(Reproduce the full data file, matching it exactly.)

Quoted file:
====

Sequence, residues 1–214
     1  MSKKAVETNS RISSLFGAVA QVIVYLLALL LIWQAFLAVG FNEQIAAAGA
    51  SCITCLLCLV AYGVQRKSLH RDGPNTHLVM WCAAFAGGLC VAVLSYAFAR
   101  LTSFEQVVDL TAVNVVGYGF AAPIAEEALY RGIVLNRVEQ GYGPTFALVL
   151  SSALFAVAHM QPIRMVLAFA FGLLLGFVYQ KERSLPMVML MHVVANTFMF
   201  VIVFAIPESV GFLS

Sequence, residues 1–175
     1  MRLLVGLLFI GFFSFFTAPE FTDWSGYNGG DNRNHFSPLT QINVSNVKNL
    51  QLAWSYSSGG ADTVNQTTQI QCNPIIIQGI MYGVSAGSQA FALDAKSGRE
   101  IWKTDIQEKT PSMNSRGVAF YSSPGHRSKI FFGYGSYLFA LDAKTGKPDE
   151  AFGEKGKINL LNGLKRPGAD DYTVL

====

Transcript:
Sequence, residues 1–214
     1  MSKKAVETNS RISSLFGAVA QVIVYLLALL LIWQAFLAVG FNEQIAAAGA
    51  SCITCLLCLV AYGVQRKSLH RDGPNTHLVM WCAAFAGGLC VAVLSYAFAR
   101  LTSFEQVVDL TAVNVVGYGF AAPIAEEALY RGIVLNRVEQ GYGPTFALVL
   151  SSALFAVAHM QPIRMVLAFA FGLLLGFVYQ KERSLPMVML MHVVANTFMF
   201  VIVFAIPESV GFLS

Sequence, residues 1–175
     1  MRLLVGLLFI GFFSFFTAPE FTDWSGYNGG DNRNHFSPLT QINVSNVKNL
    51  QLAWSYSSGG ADTVNQTTQI QCNPIIIQGI MYGVSAGSQA FALDAKSGRE
   101  IWKTDIQEKT PSMNSRGVAF YSSPGHRSKI FFGYGSYLFA LDAKTGKPDE
   151  AFGEKGKINL LNGLKRPGAD DYTVL